Now coming to the BJP. The BJP – and I have always said this – is an opportunistic party. How can one forget the Wikileaks revelation that the BJP had told the US that they were merely posturing on the Indo-US nuclear deal? If they were merely posturing, why were they willing to let the government fall by refusing to support it at the time of voting? Wasn’t it Vajpayee who had taken India proudly towards becoming a nuclear weapons state? Wasn’t it Vajpayee who supported nuclear power and started talks with the US for the nuclear deal? Then why does the BJP now oppose nuclear power at Koodankulam? If it wasn’t for opportunism, why did it oppose the government on the Indo-US nuclear deal? They can always make some excuses about some clause or the other in the deal – but no one is convinced that the BJP was genuine in opposing it in Parliament.

I will be particularly harsh on the BJP here. It is the BJP that thinks its time to rule has already come. And it believes it can hasten this by making sure that the country’s economy tanks. If there is no economic growth, if inflation rises, if unemployment surges…..all of which will happen if the government is disallowed from functioning…..then it will have a good chance of forcing a mid-term election. The BJP is playing pure politics – even shunning its principles as and when required.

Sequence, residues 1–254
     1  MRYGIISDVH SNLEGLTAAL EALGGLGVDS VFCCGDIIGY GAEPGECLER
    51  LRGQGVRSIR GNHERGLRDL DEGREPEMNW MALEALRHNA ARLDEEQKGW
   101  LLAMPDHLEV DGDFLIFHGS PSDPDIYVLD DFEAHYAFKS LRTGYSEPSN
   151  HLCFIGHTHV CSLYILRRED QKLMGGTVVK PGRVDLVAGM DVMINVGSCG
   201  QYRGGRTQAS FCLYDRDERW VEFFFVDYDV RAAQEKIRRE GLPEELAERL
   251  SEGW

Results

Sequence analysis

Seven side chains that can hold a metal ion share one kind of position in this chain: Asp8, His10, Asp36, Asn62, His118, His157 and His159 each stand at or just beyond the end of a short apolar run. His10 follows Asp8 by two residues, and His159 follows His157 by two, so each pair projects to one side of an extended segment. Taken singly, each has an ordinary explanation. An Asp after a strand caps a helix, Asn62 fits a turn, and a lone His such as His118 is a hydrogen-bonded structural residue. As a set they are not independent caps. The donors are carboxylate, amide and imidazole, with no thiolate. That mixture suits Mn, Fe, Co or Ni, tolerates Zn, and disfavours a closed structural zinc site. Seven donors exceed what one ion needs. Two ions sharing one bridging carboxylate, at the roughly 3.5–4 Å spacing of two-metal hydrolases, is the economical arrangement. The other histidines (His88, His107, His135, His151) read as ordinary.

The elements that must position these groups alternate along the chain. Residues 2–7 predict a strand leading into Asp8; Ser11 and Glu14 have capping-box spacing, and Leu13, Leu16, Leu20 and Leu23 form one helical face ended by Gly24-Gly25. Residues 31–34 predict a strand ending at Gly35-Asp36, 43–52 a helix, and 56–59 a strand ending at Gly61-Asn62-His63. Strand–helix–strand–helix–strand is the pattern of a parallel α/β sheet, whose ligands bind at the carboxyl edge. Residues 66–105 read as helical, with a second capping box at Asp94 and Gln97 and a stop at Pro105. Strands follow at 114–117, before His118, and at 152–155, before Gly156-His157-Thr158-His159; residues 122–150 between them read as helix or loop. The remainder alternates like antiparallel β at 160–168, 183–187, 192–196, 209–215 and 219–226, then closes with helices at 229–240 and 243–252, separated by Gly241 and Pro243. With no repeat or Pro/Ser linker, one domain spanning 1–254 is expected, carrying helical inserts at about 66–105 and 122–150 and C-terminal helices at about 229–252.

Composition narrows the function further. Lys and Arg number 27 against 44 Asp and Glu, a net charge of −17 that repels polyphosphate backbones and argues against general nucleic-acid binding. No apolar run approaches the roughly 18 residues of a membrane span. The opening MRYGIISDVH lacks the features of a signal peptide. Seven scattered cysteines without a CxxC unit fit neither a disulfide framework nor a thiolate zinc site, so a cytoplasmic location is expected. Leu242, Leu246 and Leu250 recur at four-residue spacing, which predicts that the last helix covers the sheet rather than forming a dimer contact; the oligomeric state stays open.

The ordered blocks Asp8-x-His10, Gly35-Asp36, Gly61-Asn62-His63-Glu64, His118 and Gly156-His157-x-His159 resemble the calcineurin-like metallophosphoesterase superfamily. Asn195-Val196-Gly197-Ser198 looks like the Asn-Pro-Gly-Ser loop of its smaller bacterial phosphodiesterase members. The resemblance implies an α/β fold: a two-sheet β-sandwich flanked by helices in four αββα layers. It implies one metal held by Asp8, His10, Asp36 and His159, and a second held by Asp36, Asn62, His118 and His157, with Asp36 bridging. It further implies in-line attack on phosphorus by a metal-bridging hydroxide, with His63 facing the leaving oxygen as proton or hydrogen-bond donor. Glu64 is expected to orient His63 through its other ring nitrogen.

Arnab Goswami mentioned on Times Now last night that there was a growing consensus that the opposition would block Parliament’s winter session as well. Like I explained – it helps the BJP if Parliament shuts down and no laws can be passed. Then the BJP can claim that the government is in a freeze. The BJP wants a logjam in Parliament. If the BJP had its way, it would ensure a logjam for the remaining three years. They don’t care about the country. All they care about now is grabbing power. The BJP leaders shout “Bharat Mata ki jay” and “Vande Mataram” at every gathering in a show of nationalism; yet when the time comes to prove its nationalism in action, it does the exact opposite..

The real truth is more than the Left, it’s the BJP’s stand on FDI that is disturbing. Atleast the Left is consistent in opposing FDI. The BJP is opportunistic – when it is in power, it supports FDI. Yet when it is in opposition, it opposes it. The BJP truly needs to introspect…..the people are not fools after all